1.5b) for viscoelastic materials (see below).5 Stress-strain behaviour of typical materials: (a) non-biological material. 13 Figure 1. The resistance to this.Response of a material to load pole or trampoline bed. The matrix material of a composite often helps to prevent crack propagation. (b) viscoelastic structure (tendon). is a critical combination of stress and crack length. which lower its strength. A ductile material is capable of absorbing much more energy before it fractures than a less ductile material is. known as fracture toughness.4 TOUGHNESS AND CRACK PREVENTION The toughness of a material is its ability to absorb energy during plastic deformation (it is measured in an impact test). It is related to the elastic and plastic behaviour of the material and to its hysteresis characteristics.3. Many materials are brittle below their glass transition temperature and fail by the rapid propagation of cracks. Figure 1.g. Another function of the matrix is to protect the fibres and prevent the formation of minute surface cracks on the fibre surface. This type of fracture occurs extremely quickly when enough energy is available to make the crack advance. Brittle materials. Resilience is a measure of the energy absorbed by a material that is returned when the load is removed. have low toughness since they have only small plastic deformation before fracture occurs. such as glass. Hysteresis relates to differences in the load-deflection curve for loading and unloading and these can be particularly marked (e. .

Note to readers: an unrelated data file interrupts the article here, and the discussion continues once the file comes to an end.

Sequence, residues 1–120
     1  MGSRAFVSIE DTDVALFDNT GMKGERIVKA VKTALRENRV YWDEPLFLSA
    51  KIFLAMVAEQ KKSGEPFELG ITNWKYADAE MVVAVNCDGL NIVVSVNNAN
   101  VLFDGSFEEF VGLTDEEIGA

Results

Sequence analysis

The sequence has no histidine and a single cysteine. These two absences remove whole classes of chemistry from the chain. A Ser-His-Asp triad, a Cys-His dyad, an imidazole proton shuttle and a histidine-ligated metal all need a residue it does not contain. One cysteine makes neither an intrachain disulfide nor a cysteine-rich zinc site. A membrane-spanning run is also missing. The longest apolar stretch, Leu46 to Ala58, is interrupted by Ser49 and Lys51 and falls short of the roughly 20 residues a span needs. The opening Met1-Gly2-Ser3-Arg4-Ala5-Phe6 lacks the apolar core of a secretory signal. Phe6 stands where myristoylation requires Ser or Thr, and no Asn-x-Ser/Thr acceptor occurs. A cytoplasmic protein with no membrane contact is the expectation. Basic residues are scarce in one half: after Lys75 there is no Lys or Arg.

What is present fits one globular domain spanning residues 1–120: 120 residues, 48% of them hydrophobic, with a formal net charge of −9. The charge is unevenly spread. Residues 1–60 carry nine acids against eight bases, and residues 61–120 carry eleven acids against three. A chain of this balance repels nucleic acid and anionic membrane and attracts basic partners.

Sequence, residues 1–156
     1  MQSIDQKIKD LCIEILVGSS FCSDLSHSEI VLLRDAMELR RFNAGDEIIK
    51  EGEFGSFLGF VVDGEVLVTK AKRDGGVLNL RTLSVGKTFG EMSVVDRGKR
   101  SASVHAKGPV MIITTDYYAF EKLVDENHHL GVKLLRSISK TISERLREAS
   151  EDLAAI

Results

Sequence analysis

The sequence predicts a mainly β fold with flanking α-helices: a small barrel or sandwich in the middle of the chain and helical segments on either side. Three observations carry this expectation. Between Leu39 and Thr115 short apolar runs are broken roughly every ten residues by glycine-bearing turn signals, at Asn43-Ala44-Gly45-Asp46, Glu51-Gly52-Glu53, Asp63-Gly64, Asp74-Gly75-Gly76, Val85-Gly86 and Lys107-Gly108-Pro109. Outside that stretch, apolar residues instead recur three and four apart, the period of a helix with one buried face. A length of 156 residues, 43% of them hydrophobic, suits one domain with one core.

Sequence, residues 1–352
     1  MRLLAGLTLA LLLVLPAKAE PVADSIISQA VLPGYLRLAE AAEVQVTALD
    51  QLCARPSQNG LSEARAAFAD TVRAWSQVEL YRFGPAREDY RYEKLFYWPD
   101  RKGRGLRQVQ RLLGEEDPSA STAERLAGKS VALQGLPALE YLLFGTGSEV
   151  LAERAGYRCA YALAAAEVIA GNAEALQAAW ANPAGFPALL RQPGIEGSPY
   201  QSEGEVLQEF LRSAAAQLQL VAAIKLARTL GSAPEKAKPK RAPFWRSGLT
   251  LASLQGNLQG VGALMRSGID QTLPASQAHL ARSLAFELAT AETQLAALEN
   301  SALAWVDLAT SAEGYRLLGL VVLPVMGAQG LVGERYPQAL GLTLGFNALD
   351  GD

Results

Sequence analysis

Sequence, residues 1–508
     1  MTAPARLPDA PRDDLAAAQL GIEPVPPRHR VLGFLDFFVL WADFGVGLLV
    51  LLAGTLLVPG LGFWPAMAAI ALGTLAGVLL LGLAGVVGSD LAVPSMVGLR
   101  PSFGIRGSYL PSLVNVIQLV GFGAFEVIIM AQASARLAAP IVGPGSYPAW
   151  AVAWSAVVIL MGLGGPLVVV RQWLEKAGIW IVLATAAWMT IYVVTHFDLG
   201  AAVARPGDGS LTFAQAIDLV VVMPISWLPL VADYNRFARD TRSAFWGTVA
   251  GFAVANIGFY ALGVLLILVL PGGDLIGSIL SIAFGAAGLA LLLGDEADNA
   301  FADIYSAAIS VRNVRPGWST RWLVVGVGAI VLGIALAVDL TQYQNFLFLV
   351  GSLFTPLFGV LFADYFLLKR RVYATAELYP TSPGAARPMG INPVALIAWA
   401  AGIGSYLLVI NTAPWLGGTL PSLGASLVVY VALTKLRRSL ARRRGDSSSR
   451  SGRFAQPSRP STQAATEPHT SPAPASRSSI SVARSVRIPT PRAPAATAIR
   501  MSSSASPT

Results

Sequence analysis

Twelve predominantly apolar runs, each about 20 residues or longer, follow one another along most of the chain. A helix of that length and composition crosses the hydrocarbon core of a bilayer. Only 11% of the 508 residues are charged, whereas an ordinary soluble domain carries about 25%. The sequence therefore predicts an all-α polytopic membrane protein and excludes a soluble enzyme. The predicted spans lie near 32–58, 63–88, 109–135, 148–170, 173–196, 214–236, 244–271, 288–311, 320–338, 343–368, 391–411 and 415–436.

5 HARDNESS The hardness of a material (measured by a type of compression test) is a property that largely determines the resistance of the material to scratching.3.6). 1. in effect. as fatigue failures of biological tissue (see chapter 2). the number of reversals that can be tolerated tends to infinity (Figure 1. The maximum range endured without failure fora mean stress of zero is called fatigue limit. time and temperature.3.6 CREEP As the temperature of a material is increased. 1. Figure 1. The measured strain is a function of stress. Many overuse injuries can be considered. at this stress.7 FATIGUE FAILURE The formation and growth of cracks in a material can occur at lower loads than would normally be associated with failure if the load is cycled repetitively. It is not frequently used for biological materials. . loads that cause no permanent deformation at room temperature can cause the material to creep—a slow continuous deformation with time.6 Fitigue behaviour of a material.3.8).14 Causes of injury/properties of materials 1. wear and penetration. The number of stress reversals that will be withstood without failure depends on the range of stress (maximum minus minimum) and the mean stress.3. Creep is commonly observed in viscoelastic materials (see section 1.